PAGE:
This essay reads Georg Lukács’s early thought in light of his vexed relationship to the Social Democratic theorist Karl Kautsky. Though Lukács criticized Kautsky as the archetypal “vulgar Marxist,” Lukács’s larger project of promoting “class consciousness” follows from Kautsky’s own political and pedagogical work. For Kautsky, Social Democratic intellectuals had to transmute proletarian “class instinct” into class consciousness by disseminating a simplified version of scientific socialism, transmitting the conclusions but not the method of Marxist thought. But because Lukács had defined “vulgar Marxism” as the forgetting of Marx’s method in favor of his conclusions, “vulgar Marxism” turned out to be both the precondition and an obstacle to proletarian class consciousness and thus to revolutionary action. The essay then reads Lukács’s changing understanding of the role of the party as a response to this impasse: a response that can help us understand the heterogeneous tradition of “Western Marxism.”.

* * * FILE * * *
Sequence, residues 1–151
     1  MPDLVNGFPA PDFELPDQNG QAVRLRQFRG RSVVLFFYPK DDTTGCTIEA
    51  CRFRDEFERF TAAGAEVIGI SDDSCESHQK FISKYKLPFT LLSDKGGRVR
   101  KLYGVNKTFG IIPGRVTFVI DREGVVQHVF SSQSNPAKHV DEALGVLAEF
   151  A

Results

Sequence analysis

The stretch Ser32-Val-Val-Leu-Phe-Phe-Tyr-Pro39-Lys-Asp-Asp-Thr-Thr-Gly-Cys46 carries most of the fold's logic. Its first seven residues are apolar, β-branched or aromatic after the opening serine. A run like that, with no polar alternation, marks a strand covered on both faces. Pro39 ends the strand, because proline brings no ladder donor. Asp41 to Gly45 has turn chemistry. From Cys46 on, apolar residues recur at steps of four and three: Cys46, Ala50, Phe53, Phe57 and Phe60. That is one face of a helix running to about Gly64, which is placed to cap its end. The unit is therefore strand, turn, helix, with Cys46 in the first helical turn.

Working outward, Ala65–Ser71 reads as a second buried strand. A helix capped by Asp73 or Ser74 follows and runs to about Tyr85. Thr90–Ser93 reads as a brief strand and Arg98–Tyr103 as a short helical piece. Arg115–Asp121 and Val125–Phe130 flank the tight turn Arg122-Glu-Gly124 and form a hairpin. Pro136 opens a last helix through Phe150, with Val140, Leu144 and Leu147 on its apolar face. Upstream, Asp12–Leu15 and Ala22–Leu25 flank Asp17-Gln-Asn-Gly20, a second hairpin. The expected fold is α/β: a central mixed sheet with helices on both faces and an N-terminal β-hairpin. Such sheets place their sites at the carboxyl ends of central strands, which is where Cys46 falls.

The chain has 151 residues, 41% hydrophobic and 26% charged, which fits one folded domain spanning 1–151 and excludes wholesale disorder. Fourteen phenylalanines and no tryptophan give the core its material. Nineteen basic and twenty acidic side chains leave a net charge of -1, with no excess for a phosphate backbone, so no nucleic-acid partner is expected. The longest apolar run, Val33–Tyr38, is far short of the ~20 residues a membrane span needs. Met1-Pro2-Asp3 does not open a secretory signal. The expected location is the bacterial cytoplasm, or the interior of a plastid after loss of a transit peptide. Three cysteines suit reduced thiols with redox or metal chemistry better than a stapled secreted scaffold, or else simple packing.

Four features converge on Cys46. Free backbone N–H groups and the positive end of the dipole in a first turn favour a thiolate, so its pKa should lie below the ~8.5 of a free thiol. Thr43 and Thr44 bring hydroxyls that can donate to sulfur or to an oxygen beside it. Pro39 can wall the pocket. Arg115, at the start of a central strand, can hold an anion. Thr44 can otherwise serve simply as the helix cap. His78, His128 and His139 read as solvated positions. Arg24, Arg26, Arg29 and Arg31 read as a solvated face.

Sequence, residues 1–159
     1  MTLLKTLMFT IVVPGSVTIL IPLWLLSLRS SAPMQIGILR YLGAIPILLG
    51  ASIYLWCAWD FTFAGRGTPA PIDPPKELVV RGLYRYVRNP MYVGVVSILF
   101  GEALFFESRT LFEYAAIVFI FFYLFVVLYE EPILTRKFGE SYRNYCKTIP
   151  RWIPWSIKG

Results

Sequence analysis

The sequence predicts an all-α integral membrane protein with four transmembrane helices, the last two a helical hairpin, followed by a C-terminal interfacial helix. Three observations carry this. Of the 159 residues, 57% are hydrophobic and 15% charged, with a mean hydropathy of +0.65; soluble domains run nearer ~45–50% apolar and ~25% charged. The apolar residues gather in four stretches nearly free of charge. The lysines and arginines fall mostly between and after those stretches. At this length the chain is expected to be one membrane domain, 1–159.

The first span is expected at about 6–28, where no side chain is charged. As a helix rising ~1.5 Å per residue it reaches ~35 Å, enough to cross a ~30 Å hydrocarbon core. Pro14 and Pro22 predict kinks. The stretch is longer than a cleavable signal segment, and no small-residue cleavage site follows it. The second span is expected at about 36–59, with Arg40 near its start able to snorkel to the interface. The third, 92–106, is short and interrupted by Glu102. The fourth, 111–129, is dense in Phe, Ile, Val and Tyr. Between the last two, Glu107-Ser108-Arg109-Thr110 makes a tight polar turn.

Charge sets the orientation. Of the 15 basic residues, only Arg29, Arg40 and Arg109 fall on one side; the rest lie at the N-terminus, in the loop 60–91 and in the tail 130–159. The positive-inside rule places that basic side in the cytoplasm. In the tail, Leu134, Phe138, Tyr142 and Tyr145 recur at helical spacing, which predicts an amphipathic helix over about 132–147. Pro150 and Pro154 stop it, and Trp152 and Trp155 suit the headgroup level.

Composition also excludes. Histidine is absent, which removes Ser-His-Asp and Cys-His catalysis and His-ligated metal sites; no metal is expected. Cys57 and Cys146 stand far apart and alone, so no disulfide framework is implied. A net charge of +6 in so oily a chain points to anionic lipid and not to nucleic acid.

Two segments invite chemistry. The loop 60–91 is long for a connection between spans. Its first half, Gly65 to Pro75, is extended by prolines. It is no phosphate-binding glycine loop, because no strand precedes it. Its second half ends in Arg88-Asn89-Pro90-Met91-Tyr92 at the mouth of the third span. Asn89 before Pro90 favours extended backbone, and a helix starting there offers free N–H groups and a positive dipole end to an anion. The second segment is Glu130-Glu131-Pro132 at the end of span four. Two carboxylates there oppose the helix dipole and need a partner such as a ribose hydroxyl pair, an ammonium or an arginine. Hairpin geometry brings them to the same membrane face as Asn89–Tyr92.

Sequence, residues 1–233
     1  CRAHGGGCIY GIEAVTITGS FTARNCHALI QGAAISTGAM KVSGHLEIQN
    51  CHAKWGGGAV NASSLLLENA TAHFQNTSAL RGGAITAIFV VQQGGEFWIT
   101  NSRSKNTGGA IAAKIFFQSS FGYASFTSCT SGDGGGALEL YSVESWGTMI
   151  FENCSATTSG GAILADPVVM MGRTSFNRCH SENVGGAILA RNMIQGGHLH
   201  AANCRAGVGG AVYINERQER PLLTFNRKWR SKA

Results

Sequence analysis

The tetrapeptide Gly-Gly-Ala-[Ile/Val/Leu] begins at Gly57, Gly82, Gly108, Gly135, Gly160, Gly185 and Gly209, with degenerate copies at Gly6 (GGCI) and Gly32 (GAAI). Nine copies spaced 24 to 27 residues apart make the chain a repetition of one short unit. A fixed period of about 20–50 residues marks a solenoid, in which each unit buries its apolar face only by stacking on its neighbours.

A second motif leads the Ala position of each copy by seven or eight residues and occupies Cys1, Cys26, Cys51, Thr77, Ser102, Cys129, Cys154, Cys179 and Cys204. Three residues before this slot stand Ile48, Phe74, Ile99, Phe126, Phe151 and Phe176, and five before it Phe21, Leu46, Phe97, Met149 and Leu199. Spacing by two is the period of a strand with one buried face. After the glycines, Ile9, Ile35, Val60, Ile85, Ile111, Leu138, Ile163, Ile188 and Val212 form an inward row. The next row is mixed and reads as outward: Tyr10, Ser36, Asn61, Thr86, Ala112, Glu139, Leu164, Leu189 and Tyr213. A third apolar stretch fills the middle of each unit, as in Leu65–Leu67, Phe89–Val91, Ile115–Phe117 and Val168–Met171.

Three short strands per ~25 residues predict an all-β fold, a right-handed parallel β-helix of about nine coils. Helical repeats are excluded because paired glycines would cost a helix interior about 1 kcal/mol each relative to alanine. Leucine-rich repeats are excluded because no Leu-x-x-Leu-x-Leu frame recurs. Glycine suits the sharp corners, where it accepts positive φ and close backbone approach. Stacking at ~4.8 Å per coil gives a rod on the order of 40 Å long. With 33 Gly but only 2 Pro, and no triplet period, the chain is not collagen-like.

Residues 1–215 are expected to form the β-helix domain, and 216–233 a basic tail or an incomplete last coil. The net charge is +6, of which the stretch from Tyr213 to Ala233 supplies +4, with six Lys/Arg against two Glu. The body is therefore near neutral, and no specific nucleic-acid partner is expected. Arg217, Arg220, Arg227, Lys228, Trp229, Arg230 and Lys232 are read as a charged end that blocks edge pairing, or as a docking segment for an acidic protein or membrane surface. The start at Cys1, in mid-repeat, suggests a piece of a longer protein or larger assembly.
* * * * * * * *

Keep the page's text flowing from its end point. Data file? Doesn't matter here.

All Science Journal Classification (ASJC) codes
- Sociology and Political Science
- Georg Lukács
- Karl Kautsky
- Vulgar Marxism
- Western Marxism
- Worker Education